Tag: religion

  • Needham’s review of Paul Veyne’s ‘Did the Greeks believe in their myths?’

    This post is a continuation of my thoughts in my previous post… Now to Needham’s review of Veyne’s book. The review is short, and much is taken up with flattering comments on Veyne’s style, but overall the conclusion is negative—he characterises the argument as ‘erratic and inconsistent’. On my reading, Needham makes three substantive points, which I shall […]

  • Abby Day’s Believing in Belonging: Review

    Here’s my review of Abby Day’s Believing in Belonging which appeared in last year’s edition of the Journal of Religion and Society. Though I didn’t quite buy the theoretical argument of the book, I thought the substantive work on people’s attitudes towards institutionalised religion, gods, ghosts and fate was fascinating. The commentary on the census […]

  • Cultures of Belief — post-print version of article

    As promised, here’s a post-print version of my Cultures of Belief article, which was published in Anthropological Theory. cultures-of-belief-post-print The text is identical to the journal version, but the formatting is different — this is the version I’m allowed to distribute according to the publishing agreement. If you have access to the journal, for example […]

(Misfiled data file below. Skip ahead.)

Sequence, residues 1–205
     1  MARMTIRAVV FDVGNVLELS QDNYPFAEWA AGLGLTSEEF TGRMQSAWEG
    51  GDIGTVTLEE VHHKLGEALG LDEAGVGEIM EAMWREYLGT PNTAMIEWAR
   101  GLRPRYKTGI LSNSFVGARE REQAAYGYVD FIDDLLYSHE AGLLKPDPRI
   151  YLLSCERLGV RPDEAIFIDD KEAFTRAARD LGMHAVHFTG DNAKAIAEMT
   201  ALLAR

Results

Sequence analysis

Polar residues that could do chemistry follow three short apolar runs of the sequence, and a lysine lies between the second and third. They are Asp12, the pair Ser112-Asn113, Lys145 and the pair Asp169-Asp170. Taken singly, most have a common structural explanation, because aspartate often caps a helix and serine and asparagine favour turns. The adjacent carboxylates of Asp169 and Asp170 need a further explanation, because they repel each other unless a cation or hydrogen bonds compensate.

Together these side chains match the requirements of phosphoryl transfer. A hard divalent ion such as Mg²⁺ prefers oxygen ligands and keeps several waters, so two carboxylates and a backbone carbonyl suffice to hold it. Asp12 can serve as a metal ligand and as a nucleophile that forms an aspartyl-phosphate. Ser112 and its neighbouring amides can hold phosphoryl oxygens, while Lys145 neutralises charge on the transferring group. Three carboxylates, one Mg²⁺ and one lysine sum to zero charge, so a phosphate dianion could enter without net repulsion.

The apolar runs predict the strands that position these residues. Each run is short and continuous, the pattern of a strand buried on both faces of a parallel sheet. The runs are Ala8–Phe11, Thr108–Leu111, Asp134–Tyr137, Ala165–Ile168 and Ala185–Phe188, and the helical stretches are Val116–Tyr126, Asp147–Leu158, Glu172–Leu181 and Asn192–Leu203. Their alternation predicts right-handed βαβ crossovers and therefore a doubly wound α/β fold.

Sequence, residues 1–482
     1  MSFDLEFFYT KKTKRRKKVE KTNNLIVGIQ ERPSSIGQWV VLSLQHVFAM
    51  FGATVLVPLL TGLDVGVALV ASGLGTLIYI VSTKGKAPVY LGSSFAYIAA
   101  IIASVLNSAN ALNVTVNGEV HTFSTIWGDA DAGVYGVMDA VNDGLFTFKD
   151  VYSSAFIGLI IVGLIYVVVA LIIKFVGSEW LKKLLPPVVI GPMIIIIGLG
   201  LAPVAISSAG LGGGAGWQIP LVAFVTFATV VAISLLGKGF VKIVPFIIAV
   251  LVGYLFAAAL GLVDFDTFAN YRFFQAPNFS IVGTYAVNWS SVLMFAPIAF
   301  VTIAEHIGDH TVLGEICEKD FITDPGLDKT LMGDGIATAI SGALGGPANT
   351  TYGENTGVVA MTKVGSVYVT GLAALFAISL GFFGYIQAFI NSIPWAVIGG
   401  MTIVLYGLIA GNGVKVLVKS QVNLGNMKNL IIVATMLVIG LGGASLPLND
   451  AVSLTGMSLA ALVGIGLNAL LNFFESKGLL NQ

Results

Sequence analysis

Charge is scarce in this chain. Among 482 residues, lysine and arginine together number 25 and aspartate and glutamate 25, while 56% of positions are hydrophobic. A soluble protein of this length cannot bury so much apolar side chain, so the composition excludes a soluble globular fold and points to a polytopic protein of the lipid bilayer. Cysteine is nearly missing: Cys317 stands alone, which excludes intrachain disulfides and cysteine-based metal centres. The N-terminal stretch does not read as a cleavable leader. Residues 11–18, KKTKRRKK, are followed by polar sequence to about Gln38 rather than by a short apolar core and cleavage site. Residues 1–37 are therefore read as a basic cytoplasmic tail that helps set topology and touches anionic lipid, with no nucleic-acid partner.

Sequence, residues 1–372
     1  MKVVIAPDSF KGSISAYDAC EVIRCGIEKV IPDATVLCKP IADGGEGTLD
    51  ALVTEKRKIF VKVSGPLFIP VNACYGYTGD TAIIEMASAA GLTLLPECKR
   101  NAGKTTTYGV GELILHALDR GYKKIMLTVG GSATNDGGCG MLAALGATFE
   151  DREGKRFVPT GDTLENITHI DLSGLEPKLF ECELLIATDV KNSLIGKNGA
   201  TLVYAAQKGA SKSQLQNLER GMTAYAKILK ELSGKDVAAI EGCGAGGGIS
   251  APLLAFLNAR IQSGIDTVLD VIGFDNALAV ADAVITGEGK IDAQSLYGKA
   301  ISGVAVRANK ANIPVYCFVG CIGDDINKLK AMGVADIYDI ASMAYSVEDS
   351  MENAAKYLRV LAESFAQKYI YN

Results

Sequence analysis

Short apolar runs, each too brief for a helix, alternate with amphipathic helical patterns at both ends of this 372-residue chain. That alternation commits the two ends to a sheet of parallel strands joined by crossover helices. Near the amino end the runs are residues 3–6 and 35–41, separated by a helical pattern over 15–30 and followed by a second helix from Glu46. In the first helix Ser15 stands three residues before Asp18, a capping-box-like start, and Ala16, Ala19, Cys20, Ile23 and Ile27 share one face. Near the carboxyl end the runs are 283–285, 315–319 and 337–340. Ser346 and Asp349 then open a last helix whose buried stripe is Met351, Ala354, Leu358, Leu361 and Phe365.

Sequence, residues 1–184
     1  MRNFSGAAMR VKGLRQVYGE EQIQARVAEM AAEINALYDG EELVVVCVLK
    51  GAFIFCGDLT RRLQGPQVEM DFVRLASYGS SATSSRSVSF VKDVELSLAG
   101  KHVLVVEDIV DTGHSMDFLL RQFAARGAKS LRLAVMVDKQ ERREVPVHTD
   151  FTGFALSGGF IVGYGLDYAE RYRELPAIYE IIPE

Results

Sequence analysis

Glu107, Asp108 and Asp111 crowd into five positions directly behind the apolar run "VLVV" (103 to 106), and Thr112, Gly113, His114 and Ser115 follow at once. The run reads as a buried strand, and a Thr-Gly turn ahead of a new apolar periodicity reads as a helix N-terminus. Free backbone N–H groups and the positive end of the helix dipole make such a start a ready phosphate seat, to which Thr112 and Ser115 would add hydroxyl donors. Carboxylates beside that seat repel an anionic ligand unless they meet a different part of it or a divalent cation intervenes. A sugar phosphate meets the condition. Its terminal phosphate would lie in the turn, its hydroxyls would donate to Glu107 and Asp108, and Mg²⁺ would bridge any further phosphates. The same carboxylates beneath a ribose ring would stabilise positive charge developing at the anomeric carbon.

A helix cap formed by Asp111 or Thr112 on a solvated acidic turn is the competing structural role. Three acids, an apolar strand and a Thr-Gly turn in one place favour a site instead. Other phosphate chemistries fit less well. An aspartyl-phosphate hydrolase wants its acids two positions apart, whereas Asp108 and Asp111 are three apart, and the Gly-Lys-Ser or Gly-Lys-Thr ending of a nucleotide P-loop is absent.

• Cultures of Belief – New paper out in Anthropological Theory

    I’ve just had a new paper out in Anthropological Theory — this is behind a paywall, I’ll make a post-print version available through this website soon for those who don’t have access to the journal through an academic library. The paper is titled ‘Cultures of ignorance’. In a nutshell, the argument is that academic students […]

  • Evolution and Religion Part II

    This is a reply to Martin Michael Blume’s comment to my previous post, which was itself was a comment on his blog on www.scilogs.com. Martin Michael — Thanks for the links (reproduced below) and for engaging with my comment! I’ve read those two papers now –they are thought provoking and contain some great lines (“evolutionary theorists brought […]

  • Evolution and Religion

    The explanatory power of evolutionary theory is clear. However, these days, people seem to rush to evolutionary explanations for all sorts of real and perceived human behaviours. The danger of doing this is that in going straight to the question of the origins of what we’re trying to understand, we fail to put in the […]